Intro

There are a number of good and decent circuit simulation and design programs out there that are either free or reasonably priced. The following is a curated selection of programs that we use at Wilderness Labs for various things.

Fritzing

Fritzing in a free, open-source application that is easy to use and is good for creating schematic designs and breadboard views from those schematics. It also has some printed-circuit-board (PCB) design functionality, though it’s best for simple PCBs. It’s available for both Windows and Mac.

Here’s a screenshot showing the schematic view:

Screenshot of the Fritzing software showing a Netduino sample schematic view where components are represented as boxes with input and output pins.
Screenshot of the Fritzing software showing a Netduino sample schematic view where components are represented as boxes with input and output pins.

And the breadboard view of the same schematic:

Screenshot of the Fritzing software showing a Netduino sample breadboard view where components are represented as visual components connected to each other as you would build them.
Screenshot of the Fritzing software showing a Netduino sample breadboard view where components are represented as visual components connected to each other as you would build them.

Much of the circuits created in this tutorial are done in Fritzing.

iCircuit

iCircuit is a commercial, yet affordable (USD$5 - $10), and very powerful real time circuit simulator. It’s available for iOS, Android, Windows Phone, Mac, and Windows, and has a lot of great example circuits. It’s great for doing all the circuit math for you and actually model how a circuit works in real time. The following screenshot is a circuit that has a 555 timer changing a 7-segment LED, and what’s neat about it, is that you can watch the 7-segment LED go through numbers in the app!

Screenshot of iCircuit showing a sample simulation schematic of driving a 7-segment LED from a 5-5-5 timer.
Screenshot of iCircuit showing a sample simulation schematic of driving a 7-segment LED from a 5-5-5 timer.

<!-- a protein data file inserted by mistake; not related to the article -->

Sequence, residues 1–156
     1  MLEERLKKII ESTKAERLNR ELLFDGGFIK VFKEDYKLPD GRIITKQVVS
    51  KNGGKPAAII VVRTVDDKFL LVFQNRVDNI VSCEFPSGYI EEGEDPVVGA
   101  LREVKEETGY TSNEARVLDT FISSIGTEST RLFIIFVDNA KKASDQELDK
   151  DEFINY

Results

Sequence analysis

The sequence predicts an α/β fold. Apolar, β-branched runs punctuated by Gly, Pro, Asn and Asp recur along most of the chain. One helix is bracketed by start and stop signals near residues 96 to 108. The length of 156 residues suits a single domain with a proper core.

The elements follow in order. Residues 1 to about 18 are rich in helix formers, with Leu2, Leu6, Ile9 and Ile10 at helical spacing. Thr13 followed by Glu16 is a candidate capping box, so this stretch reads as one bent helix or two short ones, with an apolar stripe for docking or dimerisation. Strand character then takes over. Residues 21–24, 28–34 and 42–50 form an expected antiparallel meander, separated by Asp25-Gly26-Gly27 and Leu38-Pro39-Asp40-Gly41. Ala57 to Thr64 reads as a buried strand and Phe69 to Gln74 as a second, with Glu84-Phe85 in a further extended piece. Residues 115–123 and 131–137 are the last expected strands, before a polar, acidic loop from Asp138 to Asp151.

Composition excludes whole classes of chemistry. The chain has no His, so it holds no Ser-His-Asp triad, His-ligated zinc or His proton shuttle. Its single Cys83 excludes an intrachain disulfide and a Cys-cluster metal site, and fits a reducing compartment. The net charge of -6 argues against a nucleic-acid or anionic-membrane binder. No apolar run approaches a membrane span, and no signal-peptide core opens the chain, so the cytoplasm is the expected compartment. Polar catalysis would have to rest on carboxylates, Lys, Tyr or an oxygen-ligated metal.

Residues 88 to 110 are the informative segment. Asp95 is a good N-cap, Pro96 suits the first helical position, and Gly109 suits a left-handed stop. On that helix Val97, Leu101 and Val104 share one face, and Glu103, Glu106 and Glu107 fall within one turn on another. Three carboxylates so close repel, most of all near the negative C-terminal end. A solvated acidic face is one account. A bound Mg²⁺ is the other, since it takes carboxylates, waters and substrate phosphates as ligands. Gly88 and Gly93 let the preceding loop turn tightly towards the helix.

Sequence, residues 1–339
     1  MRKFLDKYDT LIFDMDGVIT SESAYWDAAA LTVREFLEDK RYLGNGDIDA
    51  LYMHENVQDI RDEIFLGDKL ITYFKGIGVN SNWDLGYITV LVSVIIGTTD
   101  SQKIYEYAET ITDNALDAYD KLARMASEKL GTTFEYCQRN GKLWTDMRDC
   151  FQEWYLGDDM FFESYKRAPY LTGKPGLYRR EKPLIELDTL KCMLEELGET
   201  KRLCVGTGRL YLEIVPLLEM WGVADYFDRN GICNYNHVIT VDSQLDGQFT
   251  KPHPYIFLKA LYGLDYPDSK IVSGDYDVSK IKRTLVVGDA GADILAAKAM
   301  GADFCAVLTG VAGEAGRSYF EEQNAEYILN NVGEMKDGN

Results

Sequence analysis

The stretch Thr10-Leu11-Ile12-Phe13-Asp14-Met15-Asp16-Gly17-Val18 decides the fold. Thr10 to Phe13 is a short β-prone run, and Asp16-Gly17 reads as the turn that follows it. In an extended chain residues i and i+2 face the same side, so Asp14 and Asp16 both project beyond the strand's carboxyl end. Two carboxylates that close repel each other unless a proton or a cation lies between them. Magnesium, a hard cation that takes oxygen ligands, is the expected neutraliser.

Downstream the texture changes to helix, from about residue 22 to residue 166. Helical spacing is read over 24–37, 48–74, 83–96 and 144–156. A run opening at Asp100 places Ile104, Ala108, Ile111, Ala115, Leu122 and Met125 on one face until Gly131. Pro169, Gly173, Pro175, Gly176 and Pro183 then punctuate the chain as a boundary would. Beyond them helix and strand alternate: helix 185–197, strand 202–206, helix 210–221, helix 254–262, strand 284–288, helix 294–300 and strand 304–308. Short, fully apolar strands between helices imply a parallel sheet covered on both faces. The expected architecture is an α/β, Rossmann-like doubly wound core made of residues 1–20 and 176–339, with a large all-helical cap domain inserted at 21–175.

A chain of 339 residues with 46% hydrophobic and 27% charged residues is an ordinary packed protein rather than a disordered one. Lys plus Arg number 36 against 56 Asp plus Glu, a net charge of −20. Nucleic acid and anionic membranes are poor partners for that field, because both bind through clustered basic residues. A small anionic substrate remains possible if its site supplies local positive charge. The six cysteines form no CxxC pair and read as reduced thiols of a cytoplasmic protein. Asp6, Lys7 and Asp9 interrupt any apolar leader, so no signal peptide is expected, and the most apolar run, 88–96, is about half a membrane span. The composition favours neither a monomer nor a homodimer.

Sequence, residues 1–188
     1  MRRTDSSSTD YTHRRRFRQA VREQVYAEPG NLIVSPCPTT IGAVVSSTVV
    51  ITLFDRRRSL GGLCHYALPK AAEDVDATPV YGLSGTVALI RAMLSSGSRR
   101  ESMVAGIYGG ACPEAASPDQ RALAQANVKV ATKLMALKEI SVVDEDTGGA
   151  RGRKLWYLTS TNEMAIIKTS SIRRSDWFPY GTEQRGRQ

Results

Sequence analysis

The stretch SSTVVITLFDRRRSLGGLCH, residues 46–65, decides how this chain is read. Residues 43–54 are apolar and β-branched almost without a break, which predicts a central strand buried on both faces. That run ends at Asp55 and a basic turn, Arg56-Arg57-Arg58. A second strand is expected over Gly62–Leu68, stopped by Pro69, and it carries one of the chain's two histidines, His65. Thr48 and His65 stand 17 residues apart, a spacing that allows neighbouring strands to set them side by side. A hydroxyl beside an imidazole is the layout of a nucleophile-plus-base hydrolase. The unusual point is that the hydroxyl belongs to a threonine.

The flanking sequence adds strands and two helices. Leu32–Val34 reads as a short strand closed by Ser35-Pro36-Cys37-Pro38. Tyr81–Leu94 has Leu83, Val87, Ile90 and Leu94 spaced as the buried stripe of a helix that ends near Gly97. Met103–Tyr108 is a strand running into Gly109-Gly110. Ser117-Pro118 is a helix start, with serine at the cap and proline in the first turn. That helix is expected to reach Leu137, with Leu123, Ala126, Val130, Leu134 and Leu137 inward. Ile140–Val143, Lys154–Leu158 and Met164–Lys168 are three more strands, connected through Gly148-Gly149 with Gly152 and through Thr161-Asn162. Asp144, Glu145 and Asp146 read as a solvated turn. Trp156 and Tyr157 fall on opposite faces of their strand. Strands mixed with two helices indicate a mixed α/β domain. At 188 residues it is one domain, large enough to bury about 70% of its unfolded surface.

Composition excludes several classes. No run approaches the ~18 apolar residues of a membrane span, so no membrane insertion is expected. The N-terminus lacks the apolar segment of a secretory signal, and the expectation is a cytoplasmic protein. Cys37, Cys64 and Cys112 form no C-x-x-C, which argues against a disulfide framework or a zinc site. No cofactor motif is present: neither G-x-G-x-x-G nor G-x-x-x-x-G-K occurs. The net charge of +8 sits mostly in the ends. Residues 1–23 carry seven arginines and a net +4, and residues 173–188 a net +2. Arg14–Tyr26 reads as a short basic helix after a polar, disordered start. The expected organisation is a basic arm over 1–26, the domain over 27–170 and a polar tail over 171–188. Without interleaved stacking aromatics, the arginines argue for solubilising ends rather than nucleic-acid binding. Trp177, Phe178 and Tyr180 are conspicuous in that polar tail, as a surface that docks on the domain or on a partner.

Eagle CAD

Eagle CAD is a semi-professional schematic and PCB design program that’s published by AutoDesk. It’s a quality piece of software with a decent, user-friendly UX. There is a free version, but to create anything more than the most simple of boards (more than 2 layers), it’s at least USD$100/year, and to do anything more than 4 layers (which is needed for a lot of modern designs), it’s USD$500/year. It’s available for Windows, Mac, and Linux.

SparkFun and Adafruit publish most of their open-source designs in eagle, so it’s a good choice for most connected things designs.

The following screenshot shows the schematic view in Eagle:

Screenshot of Eagle CAD software showing a sample schematics view.
Screenshot of Eagle CAD software showing a sample schematics view.

And the PCB editor looks like the following:

Screenshot of Eagle CAD software showing a sample PCB editor view with overlapping traces of various thicknesses, represented by different colors.
Screenshot of Eagle CAD software showing a sample PCB editor view with overlapping traces of various thicknesses, represented by different colors.

KiCAD

KiCad is a free, open-source, professional grade schematic and PCB editor. It does unlimited layers and complexity of designs, but the UX is atrocious. It’s available for Windows, Mac, and Linux.

The following is a screenshot of the schematic editor:

Screenshot of KiCad showing a sample shcematics view.
Screenshot of KiCad showing a sample shcematics view.

And the PCB editor looks like the following:

Screenshot of KiCad showing a sample PCB editor view.
Screenshot of KiCad showing a sample PCB editor view.

Others

There are countless other schematic and PCB design programs, both free and professional, some are even online. The higher-end professional programs do a lot more, but they run a minimum of USD$10,000/year or even USD$50,000/year and more, depending on the features. I’ve also used most of them, and while they may do things that the free and prosumer software I listed above don’t, I’ve yet to find one that has a user-friendly UX. Most of the other free and low-cost schematic and PCB design software is not very good, or is uses very proprietary file formats.

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